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Ocean odours

Steinke, Michael (2006) Ocean odours. Natural Environment Research Council (NERC). Planet Earth, Winter 2006, pp16-17..

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Abstract

The ocean's distinctive smell is caused by a single chemical released by plankton and other marine life, dimethyl sulphide (DMS). A study by a group of investigators from the University of Groningen used a technique called laser-sheet particle image velocimetry to monitor the water flows produced by aquatic animals. The investigators looked closely at how DMS affects copepods. Their tests showed that when DMS hit a copepod, the test animal reacted with a search behaviour. This demonstrates that copepods can smell the DMS and suggests that this and possibly other compounds released by phytoplankton and microzooplankton may help copepods in finding their prey.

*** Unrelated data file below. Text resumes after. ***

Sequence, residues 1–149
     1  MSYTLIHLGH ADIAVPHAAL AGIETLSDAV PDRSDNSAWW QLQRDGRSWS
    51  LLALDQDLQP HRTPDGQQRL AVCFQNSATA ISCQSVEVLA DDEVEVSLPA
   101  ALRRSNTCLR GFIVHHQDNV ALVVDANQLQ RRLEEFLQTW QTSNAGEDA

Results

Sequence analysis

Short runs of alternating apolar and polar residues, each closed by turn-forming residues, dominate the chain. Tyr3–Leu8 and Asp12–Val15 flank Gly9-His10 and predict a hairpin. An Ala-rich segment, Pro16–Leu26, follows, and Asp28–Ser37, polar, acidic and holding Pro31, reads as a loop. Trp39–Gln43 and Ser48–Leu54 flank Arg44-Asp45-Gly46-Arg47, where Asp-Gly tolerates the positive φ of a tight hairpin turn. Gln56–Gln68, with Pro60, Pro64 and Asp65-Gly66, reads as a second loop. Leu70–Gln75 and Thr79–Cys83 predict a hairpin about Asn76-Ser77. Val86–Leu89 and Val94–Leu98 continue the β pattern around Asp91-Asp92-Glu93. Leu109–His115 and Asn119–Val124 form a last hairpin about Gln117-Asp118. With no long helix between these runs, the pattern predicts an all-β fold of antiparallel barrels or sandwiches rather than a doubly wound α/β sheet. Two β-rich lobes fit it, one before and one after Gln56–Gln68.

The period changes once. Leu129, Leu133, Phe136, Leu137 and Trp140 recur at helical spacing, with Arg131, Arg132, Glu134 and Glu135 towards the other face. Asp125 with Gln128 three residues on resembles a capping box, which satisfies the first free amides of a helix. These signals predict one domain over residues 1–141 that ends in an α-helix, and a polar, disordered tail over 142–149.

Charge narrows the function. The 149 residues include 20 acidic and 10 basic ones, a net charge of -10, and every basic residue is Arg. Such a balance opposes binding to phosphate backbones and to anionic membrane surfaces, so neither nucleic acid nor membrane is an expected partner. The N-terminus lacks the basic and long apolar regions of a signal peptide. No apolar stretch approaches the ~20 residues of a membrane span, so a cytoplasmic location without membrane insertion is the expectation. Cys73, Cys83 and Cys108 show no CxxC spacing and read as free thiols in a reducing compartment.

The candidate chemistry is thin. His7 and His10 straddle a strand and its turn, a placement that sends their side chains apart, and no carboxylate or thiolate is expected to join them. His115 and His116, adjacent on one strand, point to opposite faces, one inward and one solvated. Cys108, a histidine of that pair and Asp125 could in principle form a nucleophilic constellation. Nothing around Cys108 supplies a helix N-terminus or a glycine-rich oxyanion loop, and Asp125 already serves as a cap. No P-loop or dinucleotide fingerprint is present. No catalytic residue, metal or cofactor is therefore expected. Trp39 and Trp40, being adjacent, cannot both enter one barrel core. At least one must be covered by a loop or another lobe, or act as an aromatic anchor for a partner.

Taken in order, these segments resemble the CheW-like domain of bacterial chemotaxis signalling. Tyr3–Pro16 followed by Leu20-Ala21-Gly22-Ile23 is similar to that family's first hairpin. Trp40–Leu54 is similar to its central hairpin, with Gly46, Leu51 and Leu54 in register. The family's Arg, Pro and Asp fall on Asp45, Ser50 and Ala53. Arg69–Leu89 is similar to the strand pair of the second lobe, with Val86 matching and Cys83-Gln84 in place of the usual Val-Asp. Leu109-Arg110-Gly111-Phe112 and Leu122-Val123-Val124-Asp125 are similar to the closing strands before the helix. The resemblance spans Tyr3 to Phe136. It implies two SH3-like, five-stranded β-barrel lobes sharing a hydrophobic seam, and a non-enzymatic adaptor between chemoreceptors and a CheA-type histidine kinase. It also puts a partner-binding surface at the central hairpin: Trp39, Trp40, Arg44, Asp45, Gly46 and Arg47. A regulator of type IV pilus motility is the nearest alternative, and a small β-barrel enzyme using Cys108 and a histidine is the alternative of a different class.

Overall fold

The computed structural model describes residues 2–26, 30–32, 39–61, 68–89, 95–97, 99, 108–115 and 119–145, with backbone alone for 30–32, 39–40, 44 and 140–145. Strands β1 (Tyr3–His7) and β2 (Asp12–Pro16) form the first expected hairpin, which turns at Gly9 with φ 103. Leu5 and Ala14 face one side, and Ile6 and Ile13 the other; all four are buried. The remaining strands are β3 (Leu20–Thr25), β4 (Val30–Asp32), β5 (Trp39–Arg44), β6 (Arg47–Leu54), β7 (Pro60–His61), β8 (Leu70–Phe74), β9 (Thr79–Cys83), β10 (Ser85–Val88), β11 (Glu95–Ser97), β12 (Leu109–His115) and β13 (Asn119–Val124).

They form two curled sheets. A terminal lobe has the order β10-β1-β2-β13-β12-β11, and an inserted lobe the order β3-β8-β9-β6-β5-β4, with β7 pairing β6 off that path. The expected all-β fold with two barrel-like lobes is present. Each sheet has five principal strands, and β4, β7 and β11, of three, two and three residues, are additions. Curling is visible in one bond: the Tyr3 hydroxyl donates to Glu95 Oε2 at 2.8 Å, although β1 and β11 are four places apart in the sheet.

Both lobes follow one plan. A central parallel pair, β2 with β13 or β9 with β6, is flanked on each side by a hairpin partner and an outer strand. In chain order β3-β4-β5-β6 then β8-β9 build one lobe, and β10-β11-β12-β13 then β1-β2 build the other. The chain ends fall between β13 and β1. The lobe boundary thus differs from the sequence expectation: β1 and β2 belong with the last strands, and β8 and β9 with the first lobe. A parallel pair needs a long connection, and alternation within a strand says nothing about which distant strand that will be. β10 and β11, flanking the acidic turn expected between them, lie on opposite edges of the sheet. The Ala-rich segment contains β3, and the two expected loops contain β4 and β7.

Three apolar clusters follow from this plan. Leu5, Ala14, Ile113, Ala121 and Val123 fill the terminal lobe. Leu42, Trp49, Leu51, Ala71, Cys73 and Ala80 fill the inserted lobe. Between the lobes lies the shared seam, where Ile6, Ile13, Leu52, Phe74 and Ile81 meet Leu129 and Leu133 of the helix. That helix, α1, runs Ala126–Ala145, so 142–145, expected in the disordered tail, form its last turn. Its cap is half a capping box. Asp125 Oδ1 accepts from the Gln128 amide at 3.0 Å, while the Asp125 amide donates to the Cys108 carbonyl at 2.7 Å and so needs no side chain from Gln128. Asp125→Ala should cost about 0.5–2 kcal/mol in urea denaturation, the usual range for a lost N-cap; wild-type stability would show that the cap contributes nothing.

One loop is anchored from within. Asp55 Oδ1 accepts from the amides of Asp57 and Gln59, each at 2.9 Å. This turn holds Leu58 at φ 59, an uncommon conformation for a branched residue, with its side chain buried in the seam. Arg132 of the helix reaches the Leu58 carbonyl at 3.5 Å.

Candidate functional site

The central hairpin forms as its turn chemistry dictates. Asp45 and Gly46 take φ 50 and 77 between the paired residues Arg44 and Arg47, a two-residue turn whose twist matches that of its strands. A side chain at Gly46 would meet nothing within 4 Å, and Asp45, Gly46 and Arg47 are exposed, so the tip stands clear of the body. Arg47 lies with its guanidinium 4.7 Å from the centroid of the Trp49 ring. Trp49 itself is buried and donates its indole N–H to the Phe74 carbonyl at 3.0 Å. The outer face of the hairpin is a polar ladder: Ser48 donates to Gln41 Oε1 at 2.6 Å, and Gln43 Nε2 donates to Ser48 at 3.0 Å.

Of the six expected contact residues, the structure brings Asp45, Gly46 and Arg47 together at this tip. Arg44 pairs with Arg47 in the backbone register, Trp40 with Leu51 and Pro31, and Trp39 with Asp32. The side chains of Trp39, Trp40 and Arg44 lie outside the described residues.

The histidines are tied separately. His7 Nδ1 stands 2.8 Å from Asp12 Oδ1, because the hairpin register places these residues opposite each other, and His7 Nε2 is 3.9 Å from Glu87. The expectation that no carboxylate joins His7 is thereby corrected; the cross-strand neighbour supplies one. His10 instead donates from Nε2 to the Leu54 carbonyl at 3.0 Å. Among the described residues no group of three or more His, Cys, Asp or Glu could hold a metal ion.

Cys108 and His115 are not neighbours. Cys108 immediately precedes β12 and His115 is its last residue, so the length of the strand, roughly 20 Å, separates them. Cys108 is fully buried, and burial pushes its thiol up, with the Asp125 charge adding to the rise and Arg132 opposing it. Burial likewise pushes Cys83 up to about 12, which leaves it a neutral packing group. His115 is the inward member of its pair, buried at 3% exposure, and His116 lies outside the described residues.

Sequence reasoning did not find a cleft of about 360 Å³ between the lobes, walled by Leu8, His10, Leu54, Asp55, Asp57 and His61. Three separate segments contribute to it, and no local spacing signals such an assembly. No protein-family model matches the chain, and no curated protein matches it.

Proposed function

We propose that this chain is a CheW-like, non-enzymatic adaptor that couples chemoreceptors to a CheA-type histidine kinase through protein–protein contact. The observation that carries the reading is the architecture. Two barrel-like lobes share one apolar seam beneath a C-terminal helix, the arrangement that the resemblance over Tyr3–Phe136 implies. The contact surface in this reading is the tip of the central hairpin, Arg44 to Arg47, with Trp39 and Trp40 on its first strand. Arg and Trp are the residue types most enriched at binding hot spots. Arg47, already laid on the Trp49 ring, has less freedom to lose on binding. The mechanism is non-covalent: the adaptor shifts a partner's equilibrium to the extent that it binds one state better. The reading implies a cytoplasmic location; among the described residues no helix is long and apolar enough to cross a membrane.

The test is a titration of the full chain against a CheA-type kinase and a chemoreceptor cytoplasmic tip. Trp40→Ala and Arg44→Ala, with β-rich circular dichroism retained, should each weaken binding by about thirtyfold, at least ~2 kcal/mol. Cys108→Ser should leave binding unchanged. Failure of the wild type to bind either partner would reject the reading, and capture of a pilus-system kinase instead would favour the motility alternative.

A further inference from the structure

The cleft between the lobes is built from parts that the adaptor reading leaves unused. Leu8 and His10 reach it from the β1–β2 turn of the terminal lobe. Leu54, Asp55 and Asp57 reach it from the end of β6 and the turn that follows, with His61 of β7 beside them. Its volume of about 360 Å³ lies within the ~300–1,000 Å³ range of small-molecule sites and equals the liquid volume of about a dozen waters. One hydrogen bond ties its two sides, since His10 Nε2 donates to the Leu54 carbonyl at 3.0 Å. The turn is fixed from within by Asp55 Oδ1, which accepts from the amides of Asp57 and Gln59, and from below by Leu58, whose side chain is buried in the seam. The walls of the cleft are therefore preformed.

Item Type: Other
Subjects: Q Science > QH Natural history > QH301 Biology
Divisions: Faculty of Science and Health > Life Sciences, School of
SWORD Depositor: Elements
Depositing User: Elements
Date Deposited: 27 Feb 2013 15:19
Last Modified: 08 Mar 2022 10:12
URI: http://repository.essex.ac.uk/id/eprint/5678

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